It’s safe to say, London 2012 inspired us all. From the safety of our sofas, we watched the sometimes triumphant, sometimes heart-breaking culmination of years of athletic training. We were already a sports mad nation, but now a whole host of minority sports and their champions have caught our imagination.
Weightlifting has been one such beneficiary of the spotlight and the IWF, the International Weightlifting Federation, wants us to make the transition from spectator to participant, to move from our sofa and into the gym.
As with any exercise regime, it’s no surprise that one of weightlifting’s benefits is to your health and fitness. The Harvard School of Public Health claims it can help you in one way you may not have imagined.Their new piece in the Archives of Internal Medicine suggests that you can lower your chances of type 2 diabetes by a third, if you lift weights five times a week.
Diabetes is a widespread problem. If you live in the UK, your chances of having it are 1 in 20, with type 2 the most common form. It’s caused by a lack of insulin and normally starts to affect people in their middle-age, either because their body has stopped producing enough insulin, or because their cells have begun to resist it. If left unchecked, diabetes can result in kidney or heart failure, reducing the average life expectancy by 10 years.
Diabetes is treatable and a combined with a balanced diet, can reduce your chances of its development. Regular exercise is another essential factor in avoiding the disease and the study showed that weightlifting is the most effective and easy kind.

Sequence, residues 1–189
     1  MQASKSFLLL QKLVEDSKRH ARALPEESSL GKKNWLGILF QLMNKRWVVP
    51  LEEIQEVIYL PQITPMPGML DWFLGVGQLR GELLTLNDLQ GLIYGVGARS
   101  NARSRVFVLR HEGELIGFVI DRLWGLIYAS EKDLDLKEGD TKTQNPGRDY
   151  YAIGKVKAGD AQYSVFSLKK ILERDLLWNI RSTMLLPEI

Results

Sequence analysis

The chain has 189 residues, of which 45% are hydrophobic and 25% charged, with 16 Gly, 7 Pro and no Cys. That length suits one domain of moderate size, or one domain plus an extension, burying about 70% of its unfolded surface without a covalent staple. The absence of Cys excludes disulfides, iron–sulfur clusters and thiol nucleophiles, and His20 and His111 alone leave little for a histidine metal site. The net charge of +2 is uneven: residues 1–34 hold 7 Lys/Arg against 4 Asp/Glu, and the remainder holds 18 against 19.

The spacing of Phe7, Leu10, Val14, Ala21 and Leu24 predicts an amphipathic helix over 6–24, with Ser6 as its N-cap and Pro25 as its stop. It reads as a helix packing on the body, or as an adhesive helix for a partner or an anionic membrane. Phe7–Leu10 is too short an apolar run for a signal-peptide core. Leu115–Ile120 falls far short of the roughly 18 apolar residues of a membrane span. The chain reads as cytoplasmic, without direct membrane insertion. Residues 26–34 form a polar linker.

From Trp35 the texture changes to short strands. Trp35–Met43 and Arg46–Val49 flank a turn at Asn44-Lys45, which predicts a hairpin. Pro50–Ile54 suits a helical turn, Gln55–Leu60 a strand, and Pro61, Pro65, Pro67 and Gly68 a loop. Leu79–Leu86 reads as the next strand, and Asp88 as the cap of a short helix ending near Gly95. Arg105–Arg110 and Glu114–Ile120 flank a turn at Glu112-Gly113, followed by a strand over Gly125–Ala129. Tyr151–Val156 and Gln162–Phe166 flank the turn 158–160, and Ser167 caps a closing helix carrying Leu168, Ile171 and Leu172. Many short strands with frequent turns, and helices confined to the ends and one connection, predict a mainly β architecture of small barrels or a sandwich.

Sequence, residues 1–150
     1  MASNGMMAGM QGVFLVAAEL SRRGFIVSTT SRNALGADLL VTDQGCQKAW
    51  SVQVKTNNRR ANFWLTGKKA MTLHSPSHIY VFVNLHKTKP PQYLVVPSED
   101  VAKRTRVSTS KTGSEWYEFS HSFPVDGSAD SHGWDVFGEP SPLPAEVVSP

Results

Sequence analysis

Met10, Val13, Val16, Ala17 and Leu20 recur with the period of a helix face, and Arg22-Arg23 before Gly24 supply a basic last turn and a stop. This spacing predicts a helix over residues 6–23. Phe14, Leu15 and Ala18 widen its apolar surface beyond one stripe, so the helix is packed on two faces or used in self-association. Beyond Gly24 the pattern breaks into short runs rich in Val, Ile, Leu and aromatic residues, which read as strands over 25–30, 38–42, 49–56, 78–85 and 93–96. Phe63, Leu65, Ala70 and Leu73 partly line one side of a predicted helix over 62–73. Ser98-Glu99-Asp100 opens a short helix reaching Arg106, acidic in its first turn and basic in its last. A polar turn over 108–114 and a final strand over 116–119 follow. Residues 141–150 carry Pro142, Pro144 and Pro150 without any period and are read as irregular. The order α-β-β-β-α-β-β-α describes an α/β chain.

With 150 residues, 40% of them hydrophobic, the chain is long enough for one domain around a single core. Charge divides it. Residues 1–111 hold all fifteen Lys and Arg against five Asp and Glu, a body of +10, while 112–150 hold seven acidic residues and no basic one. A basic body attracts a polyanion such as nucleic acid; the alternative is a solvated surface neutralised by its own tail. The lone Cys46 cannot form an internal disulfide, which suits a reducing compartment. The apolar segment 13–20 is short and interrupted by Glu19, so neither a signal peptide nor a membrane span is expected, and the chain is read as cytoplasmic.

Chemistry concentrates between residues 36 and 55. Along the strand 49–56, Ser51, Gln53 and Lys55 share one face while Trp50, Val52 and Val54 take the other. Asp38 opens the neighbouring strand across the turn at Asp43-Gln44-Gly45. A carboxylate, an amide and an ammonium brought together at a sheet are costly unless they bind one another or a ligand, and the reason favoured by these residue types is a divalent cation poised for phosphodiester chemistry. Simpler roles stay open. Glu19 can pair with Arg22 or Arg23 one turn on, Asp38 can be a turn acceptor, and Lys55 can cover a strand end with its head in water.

The study showed that any aerobic exercise will reduce the risk of diabetes, but an aerobic workout, combined with weight lifting sets, was better. Weightlifting under a controlled regime can increase muscle mass in around two months and can also reduce the level of plasma-free fatty acids in the body.
On a practical level, weightlifting can be done by anyone. You don’t have to be fit to lift weights and you don’t, necessarily, have to leave the house. It can also help those who already have diabetes by controlling their blood sugar levels.
Weightlifting 3 times a week (in 45 minute sessions) can reduce blood sugar levels by 15, which may not sound like much, but can mean you’re 20% less likely to suffer from a stroke or heart-attack.
Chris Felton works for Medical Sure who are experts in finding discounts on your health insurance premium.